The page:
No, see, it’s the Fourth Amendment, which demands that we be “secure” in our persons, houses, papers and effects against unreasonable searches and seizures by the government and, consequently, stands as a bulwark against the police state, is, in fact, the most critical.
Unfortunately,get so focused on the Fourth Amendment’s requirement of a warrant before government agents can invade our property (a requirement that means little in an age of kangaroo courts and rubberstamped warrant requests) that we fail to properly appreciate the first part of the statement declaring that we have a right to be secure in our “persons, houses, papers, and effects.”
What this means is that the Fourth Amendment’s protections were intended to not only follow us wherever we go but also apply to all that is ours—whether you’re talking about our physical bodies, our biometric data, our possessions, our families, or our way of life.
However, in an 8-1 ruling in Kentucky v. King (2011), the U.S. Supreme Court sanctioned SWAT teams smashing down doors of homes or apartments without a warrant if they happen to “suspect” you might be doing something illegal in your home.Illegal, invasive spying on Americans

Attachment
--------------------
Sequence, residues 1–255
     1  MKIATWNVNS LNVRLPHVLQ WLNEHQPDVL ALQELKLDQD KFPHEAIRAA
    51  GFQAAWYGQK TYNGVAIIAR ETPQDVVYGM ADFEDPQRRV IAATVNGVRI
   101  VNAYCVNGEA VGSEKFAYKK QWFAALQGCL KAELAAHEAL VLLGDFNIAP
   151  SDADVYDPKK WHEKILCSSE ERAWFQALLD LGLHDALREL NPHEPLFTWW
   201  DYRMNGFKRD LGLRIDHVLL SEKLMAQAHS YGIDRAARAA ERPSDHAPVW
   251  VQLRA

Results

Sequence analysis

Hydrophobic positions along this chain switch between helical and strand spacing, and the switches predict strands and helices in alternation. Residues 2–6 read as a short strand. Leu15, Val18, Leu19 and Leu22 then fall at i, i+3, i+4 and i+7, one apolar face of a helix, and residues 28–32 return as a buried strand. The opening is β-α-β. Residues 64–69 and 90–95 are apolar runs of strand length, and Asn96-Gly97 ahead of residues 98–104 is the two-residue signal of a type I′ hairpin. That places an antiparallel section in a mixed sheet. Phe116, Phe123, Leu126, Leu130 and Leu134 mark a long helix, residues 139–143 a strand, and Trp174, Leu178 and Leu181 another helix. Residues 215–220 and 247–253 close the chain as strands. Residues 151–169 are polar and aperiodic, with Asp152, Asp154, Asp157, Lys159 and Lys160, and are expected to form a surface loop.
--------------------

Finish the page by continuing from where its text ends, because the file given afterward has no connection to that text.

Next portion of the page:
. There is no form of digital communication that the government cannot and does not monitor—phone calls, emails, text messages, tweets, Facebook posts, internet video chats, etc., are allaccessible, trackable and downloadable by federal agents. In other words, there is nothing private from the government, which has used a variety of covert, unconstitutional tactics to gain access to Americans’ personal data, online purchases and banking, medical records, and online communications. The government’s methods include the use of supercomputers to hack through privacy settings, collaborations with corporations to create “back doors” for government access into encrypted files, and the use of strong-arm tactics against those technology and internet companies who refuse to cooperate. It is estimated that the National Security Agency has intercepted 15 to 20 trillion communications of American citizens since 9/11.Police shootings of unarmed citizens